The purpose of this article is to give the reader a little more detail as to the causes, treatment, and prevention of piriformis syndrome.
What Is Piriformis Syndrome And How Can I Treat It?
Piriformis syndrome is a common condition whose clinical presentation is often mistaken with disc herniation and/or spinal stenosis. The symptoms of piriformis syndrome include pain in the buttocks and, often times, sciatic nerve pain.
The piriformis is a small muscle situated deep in the buttocks that runs from the sacrum (tailbone) to the hip. The piriformis, along with 5 other small muscles deep in the buttocks functions to externally rotate the hip (toes pointing outward). Because of its position in the buttocks, the piriformis lies in close proximity to the sciatic nerve and its branches. In about 10% of the population, the sciatic nerve will actually run directly through the muscle itself.
If the muscle becomes injured or irritated, it will have a tendency to contract resulting in a considerable increase in its diameter. This increase in diameter can cause the adjacent branches of the sciatic nerve to become compromised, resulting in irritation and inflammation of the nerve itself, and creating a resultant sciatic nerve pain.
Piriformis muscle syndrome can, therefore, be described as an inflammatory response of branches of the sciatic nerve caused by pressure of an irritated or injured piriformis muscle.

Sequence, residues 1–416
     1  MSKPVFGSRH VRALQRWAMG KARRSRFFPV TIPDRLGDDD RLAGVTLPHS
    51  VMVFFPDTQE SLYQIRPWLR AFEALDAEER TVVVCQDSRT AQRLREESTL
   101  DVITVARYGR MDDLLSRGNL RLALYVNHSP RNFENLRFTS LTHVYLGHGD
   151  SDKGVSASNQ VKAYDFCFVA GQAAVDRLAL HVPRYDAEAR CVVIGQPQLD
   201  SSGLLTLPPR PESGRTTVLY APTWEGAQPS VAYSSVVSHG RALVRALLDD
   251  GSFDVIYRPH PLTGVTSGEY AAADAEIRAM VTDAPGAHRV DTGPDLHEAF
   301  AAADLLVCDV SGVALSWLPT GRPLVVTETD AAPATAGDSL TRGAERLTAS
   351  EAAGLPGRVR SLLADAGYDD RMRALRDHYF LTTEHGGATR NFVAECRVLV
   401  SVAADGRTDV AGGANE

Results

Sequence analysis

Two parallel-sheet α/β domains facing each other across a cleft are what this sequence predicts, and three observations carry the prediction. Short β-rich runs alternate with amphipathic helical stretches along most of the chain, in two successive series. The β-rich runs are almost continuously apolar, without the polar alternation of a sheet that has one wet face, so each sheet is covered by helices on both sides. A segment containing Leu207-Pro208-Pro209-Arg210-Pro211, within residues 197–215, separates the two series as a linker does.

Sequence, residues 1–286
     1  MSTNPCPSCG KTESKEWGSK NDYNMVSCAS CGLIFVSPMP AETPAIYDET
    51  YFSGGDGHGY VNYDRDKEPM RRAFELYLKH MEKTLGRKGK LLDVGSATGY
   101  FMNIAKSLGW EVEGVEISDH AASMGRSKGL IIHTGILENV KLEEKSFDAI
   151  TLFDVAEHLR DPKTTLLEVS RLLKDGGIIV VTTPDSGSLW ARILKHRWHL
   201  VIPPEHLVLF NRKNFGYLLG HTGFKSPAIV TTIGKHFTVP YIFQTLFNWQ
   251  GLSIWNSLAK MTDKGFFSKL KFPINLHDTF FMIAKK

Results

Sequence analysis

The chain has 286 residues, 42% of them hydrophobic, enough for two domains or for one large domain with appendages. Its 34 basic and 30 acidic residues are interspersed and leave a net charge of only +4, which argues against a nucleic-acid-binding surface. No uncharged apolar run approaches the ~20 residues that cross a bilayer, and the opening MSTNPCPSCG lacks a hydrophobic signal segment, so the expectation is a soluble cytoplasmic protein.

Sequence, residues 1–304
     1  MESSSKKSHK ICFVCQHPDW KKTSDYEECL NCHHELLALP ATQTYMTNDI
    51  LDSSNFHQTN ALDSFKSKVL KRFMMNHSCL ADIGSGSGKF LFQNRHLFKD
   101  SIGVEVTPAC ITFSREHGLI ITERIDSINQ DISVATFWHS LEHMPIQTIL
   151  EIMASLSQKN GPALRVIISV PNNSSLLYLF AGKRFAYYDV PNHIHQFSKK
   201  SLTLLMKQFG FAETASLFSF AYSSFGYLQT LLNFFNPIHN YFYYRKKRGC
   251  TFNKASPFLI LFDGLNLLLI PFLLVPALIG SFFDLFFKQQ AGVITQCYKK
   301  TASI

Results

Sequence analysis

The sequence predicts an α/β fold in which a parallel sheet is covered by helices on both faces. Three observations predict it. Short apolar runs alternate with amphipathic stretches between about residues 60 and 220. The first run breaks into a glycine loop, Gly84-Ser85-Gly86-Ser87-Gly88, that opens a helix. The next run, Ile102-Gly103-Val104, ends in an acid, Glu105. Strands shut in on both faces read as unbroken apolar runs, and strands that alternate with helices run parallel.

Symptoms of Piriformis Syndrome
Piriformis syndrome is typically characterized by a persistent lower back pain that extends into the buttocks, down the back of the thigh, over the outside portion of the knee, and down the outside portion of the lower leg to the top of the foot. In severe cases the patient will complain of pain during sitting or squatting activities.
Another common finding associated with piriformis syndrome is the “positive piriformis sign”. A positive piriformis sign is characterized by a persistent external rotation of the leg that can be visualized when the patient is lying flat on their back and the foot on the side of symptoms points outward.
Sensitivity to direct pressure of the buttocks on the affected side is another finding associated with piriformis syndrome. Complaints of buttocks pain with sitting is often reported and is especially tender to touch by physical examination. (Read full article here)
Here’s a treatment video published by Spine Universe for piriformis syndrome:
Instructions (Watch the video here)
- Lay on your back.
- Gently pull one knee towards your chest, using your hands to hold your leg in the stretch.
- Hold 10 seconds. You should feel a stretch in your low back and hip.
- Switch legs and pull your other knee towards your chest, again holding 10 seconds.
- Repeat 3-5 times with each leg.
- Bring both legs to your chest, holding 10 seconds and repeating 3-5 times.
These are basically generic exercises that are not specific enough to, in my opinion, treat the condition appropriately. If I can generate enough interest, I’d like to show you a very nice video that has helped thousands of people effectively treat piriformis syndrome. Simply leave a coment below expressing your desire to learn more.
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